Wednesday, April 18, 2007

Twenty20 in India

Okay, I had to break my silence on this. It's terribly galling to know that a tournament of such significance to Indian cricket gets such treatment from the media, the fans and the board. I find it hard to believe that a format that brought the crowds back into the stadiums in England and South Africa finds it hard to bring in people in the 'Mecca' of Indian cricket - Mumbai. And this is when the big 'stars' are playing. (Those people who bring up the topic of Ranji trophy having sparse crowds, kindly read up material online on the Challenger trophy.) This article on Cricinfo was particularly interesting, to quote:

The sight of empty stands at a limited overs match in India, played under lights, in Mumbai, thought to be the spiritual home of Indian cricket, was a first. Yuvraj Singh, Harbhajan Singh and Robin Uthappa were up against each other, in coloured clothing, and apart from a few Cricket Club of India members and their enthusiastic grandchildren, one match observer, some officials and a handful of journalists, there was no one watching a game specifically designed to draw audiences to cricket... But what even more of a first was someone in the pavilion yelling out to Yuvraj, asking who was playing. "Punjab against Karnataka," he yelled back, "Punjab are fielding."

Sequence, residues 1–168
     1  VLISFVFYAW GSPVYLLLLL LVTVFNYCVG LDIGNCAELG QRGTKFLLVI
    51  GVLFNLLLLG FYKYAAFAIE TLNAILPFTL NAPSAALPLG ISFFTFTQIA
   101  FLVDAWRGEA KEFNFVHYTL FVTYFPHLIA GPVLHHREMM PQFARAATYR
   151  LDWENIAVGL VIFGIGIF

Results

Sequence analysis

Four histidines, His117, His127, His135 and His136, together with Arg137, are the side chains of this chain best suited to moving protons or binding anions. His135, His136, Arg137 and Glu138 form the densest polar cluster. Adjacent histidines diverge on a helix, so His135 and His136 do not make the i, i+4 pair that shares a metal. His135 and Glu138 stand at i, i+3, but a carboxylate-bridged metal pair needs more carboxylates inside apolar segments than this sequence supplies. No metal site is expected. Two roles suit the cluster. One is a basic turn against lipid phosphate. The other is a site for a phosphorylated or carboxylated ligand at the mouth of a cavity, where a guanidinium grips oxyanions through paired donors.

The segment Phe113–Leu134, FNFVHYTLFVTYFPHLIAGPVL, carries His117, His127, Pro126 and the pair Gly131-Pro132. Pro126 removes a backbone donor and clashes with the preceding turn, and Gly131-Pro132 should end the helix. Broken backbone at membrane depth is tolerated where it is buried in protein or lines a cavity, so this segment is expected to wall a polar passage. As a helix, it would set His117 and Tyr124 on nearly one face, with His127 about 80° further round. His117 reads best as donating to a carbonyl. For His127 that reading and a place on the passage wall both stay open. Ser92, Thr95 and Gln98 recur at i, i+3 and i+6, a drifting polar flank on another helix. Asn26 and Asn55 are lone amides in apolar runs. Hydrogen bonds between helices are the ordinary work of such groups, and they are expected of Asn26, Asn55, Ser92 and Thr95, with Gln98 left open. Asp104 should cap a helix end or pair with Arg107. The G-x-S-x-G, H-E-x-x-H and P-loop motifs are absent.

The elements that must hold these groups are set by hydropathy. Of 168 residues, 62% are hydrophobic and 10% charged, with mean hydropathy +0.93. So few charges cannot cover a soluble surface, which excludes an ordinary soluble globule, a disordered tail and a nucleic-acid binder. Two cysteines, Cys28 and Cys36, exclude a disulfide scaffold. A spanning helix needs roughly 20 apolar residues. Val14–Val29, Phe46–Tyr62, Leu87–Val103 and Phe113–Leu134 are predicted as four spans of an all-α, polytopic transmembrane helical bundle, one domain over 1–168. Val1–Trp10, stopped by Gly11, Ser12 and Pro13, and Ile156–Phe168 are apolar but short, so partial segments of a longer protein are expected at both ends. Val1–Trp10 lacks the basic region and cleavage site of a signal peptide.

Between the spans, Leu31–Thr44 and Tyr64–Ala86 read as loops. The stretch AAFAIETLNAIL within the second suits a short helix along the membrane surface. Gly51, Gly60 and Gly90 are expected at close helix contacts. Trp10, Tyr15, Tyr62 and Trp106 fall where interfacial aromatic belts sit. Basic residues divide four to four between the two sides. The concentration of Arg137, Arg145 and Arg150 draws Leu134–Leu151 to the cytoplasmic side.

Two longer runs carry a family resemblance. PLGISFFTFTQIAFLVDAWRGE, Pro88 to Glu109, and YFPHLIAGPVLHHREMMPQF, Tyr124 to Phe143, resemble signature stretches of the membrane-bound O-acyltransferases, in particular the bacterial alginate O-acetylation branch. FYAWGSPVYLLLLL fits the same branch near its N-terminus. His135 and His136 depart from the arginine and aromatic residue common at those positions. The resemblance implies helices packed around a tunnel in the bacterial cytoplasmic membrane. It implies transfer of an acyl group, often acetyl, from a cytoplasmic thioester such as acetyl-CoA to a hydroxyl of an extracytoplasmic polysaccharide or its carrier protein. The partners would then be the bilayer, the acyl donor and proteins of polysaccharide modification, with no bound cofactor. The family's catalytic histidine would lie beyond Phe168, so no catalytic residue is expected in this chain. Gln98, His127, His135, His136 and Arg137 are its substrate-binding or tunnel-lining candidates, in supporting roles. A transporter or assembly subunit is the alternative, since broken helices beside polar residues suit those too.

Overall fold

Sad. This is the form of cricket that I had been looking forward to. Finally a form of cricket that could get more global acceptance. Possibly in the long run, could have more competitive teams, as teams might find it easier to pick up the ultra short version of the game that relies more on power than on technique. Don't get me wrong. I appreciate the finer nuances of the game associated with Test cricket. I remember the days when I used to watch test matches that were so clearly petering towards tame draws. But Twenty20 has given me that novelty to keep me interested. Something I believe the ODI's have lost over the years. Maybe, just maybe, due to the instant nature of the game Australia might be beatable more often. I am not able to refer to the appropriate article I read on Cricinfo a while back, but it talked about one of the forms of cricket giving way to Twenty20. I suspect ODI's might be the one in the long term to cave in.

Anyway back to the Inter-state tournament that's currently being played in India. The tournament started on the 15th of April. Teams were divided into 2 groups. These teams were the top two from their respective zones (which was decided by a preliminary round) comprising of a super league. The final would be played on the 21st. Almost all the 'stars' will be on display for their respective teams. The performances in this tournament would influence the selectors to a great extent when it comes to deciding the squad for the Twenty20 world cup to be played in South Africa later this year. Yes, you read it right! There is another world cup this year. What irks me most is the precious little available in terms of media coverage, particularly the most important form of it all - live telecast. Once again I'll quote:
"We have not sold the rights to the Twenty20 championship," Ratnakar Shetty, chief administrative officer of the Board of Control for Cricket in India (BCCI), told Cricinfo in Mumbai. "This tournament was not part of the original tender [for TV rights to domestic cricket]," he said. NEO Sports, which won the rights to broadcasting cricket in India, were committed to telecasting 74 days of domestic cricket, an obligation they have already fulfilled.